The driver of the pickup is known as DJ Keng and was later sacked from his job at a university as well as reporting to the police where his driving licence was taken away, plus several charges laid.

There was great excitement when Netflix announced at CES that it was to be available in 130 more countries, and even more when local users (particularly on Twitter) found that it was also to be available in Thailand from next month at a price of 280 baht a month. This comes a week after I changed the True Gold package to Platinum after they cut the must-have Sundance channel.

I tried for the Netflix URL but that did not work, so then tried which defaulted to and the sign-up page was shown. There was considerable interest on Twitter that morning with many indicating they had signed up. It seems that just about everywhere except China and North Korea are now covered.

Considerably more comment on the rumour that Apple could be replacing the headphone jack on future devices has appeared in the last couple of days. One of the suggestions going about, Sam Oliver reports on AppleInsider, is that Apple will replace the jack with separate (left and right) Bluetooth speakers. Whether this is instead of or as well as Lightning-connected earbuds, we are not told. This is where I dig my heels in. As Lightning would probably be retained anyway, I see that as the sensible way to go.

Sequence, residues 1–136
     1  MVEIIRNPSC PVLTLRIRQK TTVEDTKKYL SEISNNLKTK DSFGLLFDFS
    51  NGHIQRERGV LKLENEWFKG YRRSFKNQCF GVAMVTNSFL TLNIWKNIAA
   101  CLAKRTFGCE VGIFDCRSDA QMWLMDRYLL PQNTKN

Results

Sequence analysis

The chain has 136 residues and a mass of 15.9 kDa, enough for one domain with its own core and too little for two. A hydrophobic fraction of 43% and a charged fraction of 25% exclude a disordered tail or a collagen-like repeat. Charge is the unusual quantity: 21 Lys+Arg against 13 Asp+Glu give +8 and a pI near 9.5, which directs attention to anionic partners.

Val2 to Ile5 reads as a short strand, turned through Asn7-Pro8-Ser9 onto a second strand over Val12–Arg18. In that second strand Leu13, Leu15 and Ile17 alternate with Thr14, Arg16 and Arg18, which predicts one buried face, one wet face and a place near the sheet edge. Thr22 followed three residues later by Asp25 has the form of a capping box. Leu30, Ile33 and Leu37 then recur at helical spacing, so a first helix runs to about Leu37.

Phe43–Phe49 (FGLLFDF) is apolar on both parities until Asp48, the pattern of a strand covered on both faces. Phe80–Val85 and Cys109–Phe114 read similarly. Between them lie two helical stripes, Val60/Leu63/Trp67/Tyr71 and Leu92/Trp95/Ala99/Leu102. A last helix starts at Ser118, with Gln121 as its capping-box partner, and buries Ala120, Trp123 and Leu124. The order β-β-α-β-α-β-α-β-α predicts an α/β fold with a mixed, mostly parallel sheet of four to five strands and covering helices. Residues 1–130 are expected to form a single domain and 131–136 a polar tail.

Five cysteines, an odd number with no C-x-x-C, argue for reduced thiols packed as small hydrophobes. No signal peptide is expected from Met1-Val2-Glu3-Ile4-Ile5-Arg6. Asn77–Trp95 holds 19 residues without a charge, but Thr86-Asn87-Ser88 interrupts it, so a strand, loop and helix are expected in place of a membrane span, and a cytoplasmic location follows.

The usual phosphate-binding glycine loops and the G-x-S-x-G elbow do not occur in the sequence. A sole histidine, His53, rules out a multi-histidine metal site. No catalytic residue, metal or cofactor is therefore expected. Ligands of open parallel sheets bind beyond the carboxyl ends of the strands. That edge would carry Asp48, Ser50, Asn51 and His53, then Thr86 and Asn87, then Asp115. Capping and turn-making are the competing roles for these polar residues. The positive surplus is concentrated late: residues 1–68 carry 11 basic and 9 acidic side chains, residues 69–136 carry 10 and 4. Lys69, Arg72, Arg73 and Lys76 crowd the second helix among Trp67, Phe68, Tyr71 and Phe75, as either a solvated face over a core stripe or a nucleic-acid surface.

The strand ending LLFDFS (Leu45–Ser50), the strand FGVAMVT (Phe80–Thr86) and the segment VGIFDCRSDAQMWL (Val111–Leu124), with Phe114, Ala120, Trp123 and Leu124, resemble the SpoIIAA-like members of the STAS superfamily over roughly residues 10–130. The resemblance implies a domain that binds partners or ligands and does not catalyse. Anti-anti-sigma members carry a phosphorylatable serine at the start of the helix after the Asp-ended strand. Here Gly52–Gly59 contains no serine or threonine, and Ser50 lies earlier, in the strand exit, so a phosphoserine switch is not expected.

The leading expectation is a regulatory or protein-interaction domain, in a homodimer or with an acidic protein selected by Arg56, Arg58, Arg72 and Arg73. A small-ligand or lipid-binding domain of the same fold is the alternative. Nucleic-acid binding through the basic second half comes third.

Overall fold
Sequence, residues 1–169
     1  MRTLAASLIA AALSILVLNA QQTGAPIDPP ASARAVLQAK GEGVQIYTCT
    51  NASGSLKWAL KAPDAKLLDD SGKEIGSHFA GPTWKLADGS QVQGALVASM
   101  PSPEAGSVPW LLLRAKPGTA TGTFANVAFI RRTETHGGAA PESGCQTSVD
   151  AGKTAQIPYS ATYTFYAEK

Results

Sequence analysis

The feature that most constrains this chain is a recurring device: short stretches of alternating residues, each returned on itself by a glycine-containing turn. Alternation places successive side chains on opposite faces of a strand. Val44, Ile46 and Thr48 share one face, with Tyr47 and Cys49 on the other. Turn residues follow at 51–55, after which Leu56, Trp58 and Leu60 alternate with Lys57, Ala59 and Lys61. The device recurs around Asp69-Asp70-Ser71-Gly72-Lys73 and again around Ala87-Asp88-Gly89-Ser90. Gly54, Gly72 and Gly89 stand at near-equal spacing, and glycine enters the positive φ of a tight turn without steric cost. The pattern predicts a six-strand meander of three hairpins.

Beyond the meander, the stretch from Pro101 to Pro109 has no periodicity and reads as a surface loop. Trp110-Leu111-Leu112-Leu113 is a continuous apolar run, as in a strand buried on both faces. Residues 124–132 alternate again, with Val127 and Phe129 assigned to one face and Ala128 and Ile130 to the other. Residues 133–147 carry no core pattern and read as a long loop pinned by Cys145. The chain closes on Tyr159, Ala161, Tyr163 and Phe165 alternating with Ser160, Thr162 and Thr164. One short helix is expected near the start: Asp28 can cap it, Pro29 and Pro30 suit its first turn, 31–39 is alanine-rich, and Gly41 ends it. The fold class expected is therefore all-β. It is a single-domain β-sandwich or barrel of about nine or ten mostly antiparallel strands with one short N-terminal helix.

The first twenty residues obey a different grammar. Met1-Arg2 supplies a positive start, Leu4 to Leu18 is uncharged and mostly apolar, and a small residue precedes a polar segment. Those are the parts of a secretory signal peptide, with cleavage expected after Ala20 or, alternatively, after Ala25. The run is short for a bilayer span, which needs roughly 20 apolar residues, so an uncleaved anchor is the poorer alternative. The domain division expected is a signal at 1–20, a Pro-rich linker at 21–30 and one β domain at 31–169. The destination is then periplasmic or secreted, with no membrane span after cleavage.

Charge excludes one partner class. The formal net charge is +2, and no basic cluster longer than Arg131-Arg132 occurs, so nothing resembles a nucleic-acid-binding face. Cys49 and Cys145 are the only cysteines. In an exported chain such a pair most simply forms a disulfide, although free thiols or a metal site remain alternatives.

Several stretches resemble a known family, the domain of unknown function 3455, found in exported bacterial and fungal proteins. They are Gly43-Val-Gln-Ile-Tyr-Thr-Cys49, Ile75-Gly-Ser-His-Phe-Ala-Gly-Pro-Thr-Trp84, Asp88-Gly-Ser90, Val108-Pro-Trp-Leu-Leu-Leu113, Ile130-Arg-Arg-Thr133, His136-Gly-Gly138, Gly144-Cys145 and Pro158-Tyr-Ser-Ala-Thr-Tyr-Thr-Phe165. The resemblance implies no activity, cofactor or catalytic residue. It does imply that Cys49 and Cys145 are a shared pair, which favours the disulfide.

iPhone jack

A petition with over 200,000 signatures has been drawn up in an attempt to stop Apple withdrawing the headphone jack, Drew Olanoff reports on TechCrunch. Dare I level the accusation of Luddism? I think this change is well overdue, and there will be adapters: we are not exactly talking about Hi-Fi here with these devices.

As part of this some suggest that there are to be wireless Beats headphones. Well, so what. The iPhone can handle Bluetooth sets now, and if that were to be WiFi as well, it is not beyond the ability of Apple to incorporate that. But that does not count for the earbuds in the box, and Apple is unlikely to supply iPhones without those. It is not impossible of course, but the outcry would not be in Apple's interests.

Of course, the removal of the analog headphone jack would allow the iPhone to be thinner, but some wonder how desirable this could be. What it does also remove is another component and makes space inside for a slightly larger battery in the same available space: that is more desirable.

Along with the rumours about the headphone jack, Ben Lovejoy on 9to5 Mac reminds us that this is the season when all the images for claimed iPhone components begins. He has a few in the article.

Apple Car

A number of people became excited when it was found that Apple had registered three domain names for its rumoured car project Zac Hall on 9to5 Mac (as well as several other sites) reported. Apple has hundreds, if not thousands of domain names, of course.